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The Tokina 11-20 mm f/2.8 has many and large lens elements in a reasonably complex design. This ensures triumphant optical performance, but it does not manage to completely eliminate ghosts. Even if it’s only to protect the large front lens (with an 82 mm filter size), it’s a good idea to use the included flower-shaped sun cap. It also reduces the chance of flare and ghosts. With bright sunlight that shines directly into the lens, you can encounter ghosts, as in the partial enlargement shown here.



The center sharpness is high at full aperture and reaches the maximum sharpness after 1 stop. The edge and corner sharpness at full aperture is less visible than in the center. For video recordings, even the corner sharpness at full aperture is more than enough. Here, too, stopping down a tiny bit works wonders. The highest corner sharpness is reached at f/5.6.


Chromatic aberration


Tokina’s ultra-wide lenses have a great track record of being killer alternatives to name-brand options.
SLR lounge

The Tokina 11-20 mm test shows less chromatic aberration in uncorrected RAW files than both the Canon EF-S 10-22 mm (as expected) and the Canon EF-S 10-18 mm (which is a great performance). In contrast to Nikon cameras, Canon cameras correct for chromatic aberration in jpg files only with Canon lenses. You see that in the WYSIWYG scores for sharpness and chromatic aberration in corrected jpg files. If you have not applied the CA correction of your camera, or if you prefer to correct for CA and distortion in Photoshop or Lightroom, then the Tokina 11-20 mm beats out the Canon EF 16-35 mm f/2.8L II USM, Canon EF-S 10-18 mm f/4.5-5.6 IS STM and the Canon EF-S 10-22 mm f/3.5-4.5 USM.

We have the unfortunately not tested the Tokina 11-16 mm on a Canon camera, so that a comparison with the Tokina 11-20 mm becomes difficult. Given the higher resolution and the in-camera of chromatic aberration by the Nikon camera, it is not shocking that the Tokina 11-16 mm on a Nikon D3200 scores a bit higher than the Tokina 11-20 mm on a Canon 650D. I am, however, convinced that the Tokina 11-20 mm on a Nikon D3300 would be able to beat the Tokina 11-16 mm. We will come back to that. For now, I’m ready to get back to work with the Tokina 11-20 mm!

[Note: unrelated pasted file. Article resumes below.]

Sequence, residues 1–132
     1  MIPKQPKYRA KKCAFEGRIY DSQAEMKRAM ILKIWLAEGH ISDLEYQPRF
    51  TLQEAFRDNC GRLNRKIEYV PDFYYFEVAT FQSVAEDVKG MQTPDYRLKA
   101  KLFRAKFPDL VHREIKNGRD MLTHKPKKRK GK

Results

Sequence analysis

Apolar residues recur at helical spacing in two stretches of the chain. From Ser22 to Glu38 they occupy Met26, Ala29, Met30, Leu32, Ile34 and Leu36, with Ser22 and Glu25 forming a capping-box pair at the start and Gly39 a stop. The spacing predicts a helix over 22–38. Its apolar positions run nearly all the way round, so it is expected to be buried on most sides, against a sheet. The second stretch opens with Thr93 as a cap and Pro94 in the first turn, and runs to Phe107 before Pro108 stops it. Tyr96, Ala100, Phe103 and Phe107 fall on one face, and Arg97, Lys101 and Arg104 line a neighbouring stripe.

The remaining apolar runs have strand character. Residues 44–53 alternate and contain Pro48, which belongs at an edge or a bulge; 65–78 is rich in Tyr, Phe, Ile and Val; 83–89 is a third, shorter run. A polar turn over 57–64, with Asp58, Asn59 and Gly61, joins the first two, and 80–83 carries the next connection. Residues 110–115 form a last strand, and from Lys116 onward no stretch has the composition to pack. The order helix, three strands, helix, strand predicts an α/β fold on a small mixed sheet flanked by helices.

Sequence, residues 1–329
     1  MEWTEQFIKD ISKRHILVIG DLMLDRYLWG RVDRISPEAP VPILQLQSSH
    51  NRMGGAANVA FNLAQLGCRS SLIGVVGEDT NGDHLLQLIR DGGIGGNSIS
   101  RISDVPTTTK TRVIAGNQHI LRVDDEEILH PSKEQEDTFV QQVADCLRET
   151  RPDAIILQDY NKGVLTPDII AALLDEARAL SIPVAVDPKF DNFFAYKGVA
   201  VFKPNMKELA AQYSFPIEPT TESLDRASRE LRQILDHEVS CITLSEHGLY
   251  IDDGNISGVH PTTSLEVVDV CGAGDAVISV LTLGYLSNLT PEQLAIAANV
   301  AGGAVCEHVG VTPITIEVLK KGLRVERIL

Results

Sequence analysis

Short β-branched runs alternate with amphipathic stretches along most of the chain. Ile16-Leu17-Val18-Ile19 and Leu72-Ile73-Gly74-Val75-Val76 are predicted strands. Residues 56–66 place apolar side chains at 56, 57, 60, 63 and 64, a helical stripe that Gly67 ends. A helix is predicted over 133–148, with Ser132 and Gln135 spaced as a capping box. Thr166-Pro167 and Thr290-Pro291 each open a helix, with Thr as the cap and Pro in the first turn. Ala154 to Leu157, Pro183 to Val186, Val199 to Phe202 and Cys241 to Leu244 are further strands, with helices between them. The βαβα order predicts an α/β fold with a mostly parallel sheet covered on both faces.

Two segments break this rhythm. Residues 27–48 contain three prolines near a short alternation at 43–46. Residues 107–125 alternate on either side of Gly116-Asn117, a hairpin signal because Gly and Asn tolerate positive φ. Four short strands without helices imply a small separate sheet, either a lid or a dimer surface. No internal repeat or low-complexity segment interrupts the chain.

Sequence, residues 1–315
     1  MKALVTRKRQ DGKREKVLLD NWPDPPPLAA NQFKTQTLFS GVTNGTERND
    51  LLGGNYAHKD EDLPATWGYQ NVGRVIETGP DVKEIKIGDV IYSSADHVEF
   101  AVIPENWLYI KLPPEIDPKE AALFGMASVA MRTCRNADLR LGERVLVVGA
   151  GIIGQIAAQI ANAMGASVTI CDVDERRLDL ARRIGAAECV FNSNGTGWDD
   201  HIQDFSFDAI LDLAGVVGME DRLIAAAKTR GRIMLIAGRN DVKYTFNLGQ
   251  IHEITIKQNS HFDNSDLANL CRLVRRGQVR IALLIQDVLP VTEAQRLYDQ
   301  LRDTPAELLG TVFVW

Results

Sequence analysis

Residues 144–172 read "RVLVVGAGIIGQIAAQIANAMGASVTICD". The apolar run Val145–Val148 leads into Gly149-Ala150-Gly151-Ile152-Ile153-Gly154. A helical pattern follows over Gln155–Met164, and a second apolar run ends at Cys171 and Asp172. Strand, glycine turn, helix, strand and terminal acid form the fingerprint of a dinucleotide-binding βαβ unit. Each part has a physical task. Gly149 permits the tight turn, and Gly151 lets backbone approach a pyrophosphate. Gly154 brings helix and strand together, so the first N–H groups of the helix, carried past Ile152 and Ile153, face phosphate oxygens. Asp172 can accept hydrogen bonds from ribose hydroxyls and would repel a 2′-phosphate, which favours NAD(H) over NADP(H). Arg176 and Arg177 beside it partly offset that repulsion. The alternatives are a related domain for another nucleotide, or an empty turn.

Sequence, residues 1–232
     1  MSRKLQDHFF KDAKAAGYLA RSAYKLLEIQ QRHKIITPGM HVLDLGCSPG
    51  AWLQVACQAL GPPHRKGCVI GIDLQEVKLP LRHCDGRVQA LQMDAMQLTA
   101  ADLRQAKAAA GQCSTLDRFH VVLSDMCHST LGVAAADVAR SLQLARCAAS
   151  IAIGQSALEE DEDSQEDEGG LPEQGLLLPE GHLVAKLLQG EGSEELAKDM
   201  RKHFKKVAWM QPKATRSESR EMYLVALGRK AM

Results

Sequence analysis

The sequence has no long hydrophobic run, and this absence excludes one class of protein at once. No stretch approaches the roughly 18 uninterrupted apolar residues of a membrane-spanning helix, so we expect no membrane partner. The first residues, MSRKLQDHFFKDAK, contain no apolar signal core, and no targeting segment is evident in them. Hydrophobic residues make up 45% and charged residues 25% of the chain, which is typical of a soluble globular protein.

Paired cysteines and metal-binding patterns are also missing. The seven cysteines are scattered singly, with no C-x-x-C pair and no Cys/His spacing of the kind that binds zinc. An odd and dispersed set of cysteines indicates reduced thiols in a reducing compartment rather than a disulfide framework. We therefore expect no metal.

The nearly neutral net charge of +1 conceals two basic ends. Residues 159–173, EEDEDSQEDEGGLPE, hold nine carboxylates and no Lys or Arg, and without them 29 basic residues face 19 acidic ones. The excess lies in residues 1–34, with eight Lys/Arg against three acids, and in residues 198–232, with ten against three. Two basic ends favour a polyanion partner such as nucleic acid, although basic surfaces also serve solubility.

A wide-angle lens on a camera with an APS-C sensor is an ideal combination for creating great focal depth. Today, however, everyone wants as much bokeh as possible. And then you cannot get around the Tokina 11-20 mm f/2.8 when you want to shoot videos or photos with an 11 mm focal distance.

Conclusion Tokina 11-20 mm f/2.8 AT-X PRO DX SD review with Canon 650D

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Look in our list of all reviewed lenses or the lenses we have reviewed with a Canon mount in order to compare the performance of this lens with other lenses.

ECWYSIWYG score: This table shows the performance of this lens if you save the files in the camera as jpg, where you have applied all available in-camera lens corrections. This score gives you for this lens/test camera combination: “What you see is what you get”.

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ECPure RAW score: This table shows the performance of this lens if the file is saved in the camera in RAW format. This score approaches the intrinsic quality of the combination of lens and test camera.
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  • High image quality
  • High build quality
  • Large field of view with constant, high brightness
  • Beautiful bokeh for a wide-angle on a small APS-C sensor
  • Clutch mechanism for switching between AF and MF
  • Attractively priced and idea for video


  • Sensitive to flare/ghosts

Too long, didn’t read (TL/DR)? Need a wide-angle zoom for Canon APS-C? Pop over to the closest photo specialty store and buy the Tokina 11-20 mm f/2.8. Unless you already have a Tokina 11-16 mm f/2.8.

Together with the Tokina 11-16 mm f/2.8, the Tokina 11-20 mm f/2.8 holds the highest spot in our list of reviews when it comes to an affordable, bright, wide-angle zoom. With an MSRP far below a thousand euros, this beautiful lens distinguishes itself from many wide-angle zooms with MSRPs that are far above a thousand euros. At the same time, the Tokina 11-20 mm f/2.8 offers a constant, high brightness, and this lens, as far as build and image quality are concerned, is really exemplary. Whether the Tokina 11-20 mm f/2.8 is really better than the Tokina 11-16 mm, we cannot yet say with certainty, because we tested them on different cameras. I expect so. We will come back to this in the foreseeable future.